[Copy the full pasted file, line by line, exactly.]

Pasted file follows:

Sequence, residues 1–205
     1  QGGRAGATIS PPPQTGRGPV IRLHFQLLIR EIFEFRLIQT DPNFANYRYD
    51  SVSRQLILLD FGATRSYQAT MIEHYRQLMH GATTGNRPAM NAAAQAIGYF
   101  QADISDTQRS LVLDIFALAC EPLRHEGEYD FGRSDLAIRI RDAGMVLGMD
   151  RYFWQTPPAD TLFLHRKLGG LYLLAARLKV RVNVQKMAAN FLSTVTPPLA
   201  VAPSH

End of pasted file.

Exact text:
Sequence, residues 1–205
     1  QGGRAGATIS PPPQTGRGPV IRLHFQLLIR EIFEFRLIQT DPNFANYRYD
    51  SVSRQLILLD FGATRSYQAT MIEHYRQLMH GATTGNRPAM NAAAQAIGYF
   101  QADISDTQRS LVLDIFALAC EPLRHEGEYD FGRSDLAIRI RDAGMVLGMD
   151  RYFWQTPPAD TLFLHRKLGG LYLLAARLKV RVNVQKMAAN FLSTVTPPLA
   201  VAPSH